An investigation was conducted to determine the longitudinal- and lateral-stability characteristics of a 0.5-scale moue1 of the Fairchild Lark missile, The model was tested with 0 deg and with 22.5 deg of roll. Three horizontal wings having NACA 16-009, 16-209, and 64A-209 sections were tested. Pressures were measured on both pointed and blunt noses. The wind-tunnel-test data indicate that rolling the missile 22.5 deg. had no serious effect on the static longitudinal stability. The desired maneuvering acceleration could not be attained with any of the horizontal wings tested, even with the horizontal wing flaps deflected 50 deg. The flaps on the 64A-209 wing (with small trailing-edge angles and flat sides) were effective at all flap deflections, while the flaps on the 16-series wings (with large trailing-edge angles) lost effectiveness at small flap deflections. The data showed that rolling moment existed when the vertical wing flaps were deflected with the model at other than zero angle of attack. A similar rolling moment probably would be found . with the horizontal wing flaps deflected and the model yawed. digital.library.unt.edu/ark:/67531/metadc65224/
Aerodynamic characteristics of a 1/8-scale powered model of a high-speed bomber with a dual pusher propeller aft of the empennage
No Description digital.library.unt.edu/ark:/67531/metadc61201/
Aerodynamic characteristics of a 6-percent-thick symmetrical double-wedge airfoil at transonic speeds from tests by the NACA wing-flow method
No Description digital.library.unt.edu/ark:/67531/metadc58214/
Aerodynamic characteristics of a 42 degree swept-back wing with aspect ratio 4 and NACA 64(sub 1)-112 airfoil sections at Reynolds numbers from 1,700,000 to 9,500,000
No Description digital.library.unt.edu/ark:/67531/metadc58024/
Aerodynamic characteristics of a 45 degree swept-back wing with aspect ratio of 3.5 and NACA 2S-50(05)-50(05) airfoil sections
No Description digital.library.unt.edu/ark:/67531/metadc58041/
Aerodynamic characteristics of a flying-boat hull having a length-beam ratio of 15 and a warped forebody
No Description digital.library.unt.edu/ark:/67531/metadc58193/
Aerodynamic Characteristics of a Number of Modified NACA Four-Digit-Series Airfoil Sections
Theoretical pressure distributions and measured lift, drag, and pitching moment characteristics at three values of Reynolds number are presented for a group of NACA four-digit-series airfoil sections modified for high-speed applications. The effectiveness of flaps applied to these airfoils and the effect of standard leading-edge roughness were also investigated at one value of Reynolds number. Results are also presented of tests of three conventional NACA four-digit-series airfoil sections. digital.library.unt.edu/ark:/67531/metadc64893/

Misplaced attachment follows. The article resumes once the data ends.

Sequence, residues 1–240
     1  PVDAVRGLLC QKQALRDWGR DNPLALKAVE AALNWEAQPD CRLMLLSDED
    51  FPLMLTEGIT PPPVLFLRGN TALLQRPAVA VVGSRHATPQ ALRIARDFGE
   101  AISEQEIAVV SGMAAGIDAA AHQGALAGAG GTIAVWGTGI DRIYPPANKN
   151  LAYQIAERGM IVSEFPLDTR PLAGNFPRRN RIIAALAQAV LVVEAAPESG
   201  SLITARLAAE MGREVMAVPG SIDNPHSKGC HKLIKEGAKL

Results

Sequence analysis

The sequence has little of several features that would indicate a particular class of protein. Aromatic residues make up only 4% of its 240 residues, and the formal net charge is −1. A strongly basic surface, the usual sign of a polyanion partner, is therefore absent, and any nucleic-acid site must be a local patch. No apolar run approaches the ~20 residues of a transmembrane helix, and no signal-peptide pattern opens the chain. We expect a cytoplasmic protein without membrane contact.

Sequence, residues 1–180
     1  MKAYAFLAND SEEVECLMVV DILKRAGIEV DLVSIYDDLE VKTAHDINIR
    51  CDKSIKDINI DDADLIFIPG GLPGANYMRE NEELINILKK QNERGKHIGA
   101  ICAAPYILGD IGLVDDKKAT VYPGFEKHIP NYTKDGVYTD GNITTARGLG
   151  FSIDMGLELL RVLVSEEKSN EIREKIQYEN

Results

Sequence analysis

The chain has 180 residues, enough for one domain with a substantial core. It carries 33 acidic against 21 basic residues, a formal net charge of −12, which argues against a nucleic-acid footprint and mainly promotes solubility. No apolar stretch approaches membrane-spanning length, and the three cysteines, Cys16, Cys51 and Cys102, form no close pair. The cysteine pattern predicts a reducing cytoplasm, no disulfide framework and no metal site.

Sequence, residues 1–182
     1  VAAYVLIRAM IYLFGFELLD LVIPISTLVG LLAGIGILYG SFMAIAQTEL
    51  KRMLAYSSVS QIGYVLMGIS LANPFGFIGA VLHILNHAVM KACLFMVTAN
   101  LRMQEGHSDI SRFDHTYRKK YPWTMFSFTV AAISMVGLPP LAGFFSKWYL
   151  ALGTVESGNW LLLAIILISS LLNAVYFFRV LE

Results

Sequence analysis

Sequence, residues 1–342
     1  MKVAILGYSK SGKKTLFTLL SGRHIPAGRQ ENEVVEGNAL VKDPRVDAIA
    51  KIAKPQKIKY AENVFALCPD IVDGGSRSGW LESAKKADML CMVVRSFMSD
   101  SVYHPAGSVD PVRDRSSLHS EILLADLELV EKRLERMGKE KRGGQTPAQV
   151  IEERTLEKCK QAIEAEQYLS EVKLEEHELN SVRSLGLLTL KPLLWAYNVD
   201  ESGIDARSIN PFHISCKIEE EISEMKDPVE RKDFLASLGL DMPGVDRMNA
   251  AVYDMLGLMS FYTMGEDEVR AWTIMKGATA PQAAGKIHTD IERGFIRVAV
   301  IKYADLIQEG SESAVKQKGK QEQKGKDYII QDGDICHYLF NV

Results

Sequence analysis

Aerodynamic characteristics of a number of modified NACA four-digit-series airfoil sections
No Description digital.library.unt.edu/ark:/67531/metadc54583/
Aerodynamic Characteristics of a Portion of the Horizontal Tail from a Douglas C-74 Airplane with Fabric-Covered Elevators
A Douglas C-74 airplane, during a test dive at about 0.525 Mach number, experienced uncontrollable longitudinal oscillations sufficient to cause shedding of the outer wing panels and the subsequent crash of the airplane. Tests of a section of the horizontal tail plane from a C-74 airplane were conducted in the Ames 16-foot high-speed wind tunnel to investigate the possibility of the tail as a contributing factor to the accident. The results of the investigations of fabric-covered elevators in various conditions of surface deformation are presented in this report. digital.library.unt.edu/ark:/67531/metadc63785/
Aerodynamic characteristics of a slot-lip aileron and slotted flap for dive brakes
No Description digital.library.unt.edu/ark:/67531/metadc61438/
Aerodynamic characteristics of a two-blade NACA 10-(3)(08)-03R propeller
No Description digital.library.unt.edu/ark:/67531/metadc64628/
Aerodynamic characteristics of a two-blade NACA 10-(3)(12)-03 propeller
No Description digital.library.unt.edu/ark:/67531/metadc64968/
Aerodynamic characteristics of a wing with quarter-chord line swept back 35 degrees, aspect ratio 4, taper ratio 0.6, and NACA 65A006 airfoil section : transonic-bumb method
No Description digital.library.unt.edu/ark:/67531/metadc58209/
Aerodynamic characteristics of a wing with quarter-chord line swept back 45 degrees, aspect ratio 4, taper ratio 0.6, and NACA 65A006 airfoil section : transonic-bump method
No Description digital.library.unt.edu/ark:/67531/metadc58242/
Aerodynamic characteristics of a wing with quarter-chord line swept back 45 degrees, aspect ratio 6, taper ratio 0.6, and NACA 65A006 airfoil section
No Description digital.library.unt.edu/ark:/67531/metadc58328/
Aerodynamic characteristics of a wing with quarter-chord line swept back 60 degrees, aspect ratio 4, taper ratio 0.6, and NACA 65A006 airfoil section : transonic-bump method
No Description digital.library.unt.edu/ark:/67531/metadc58370/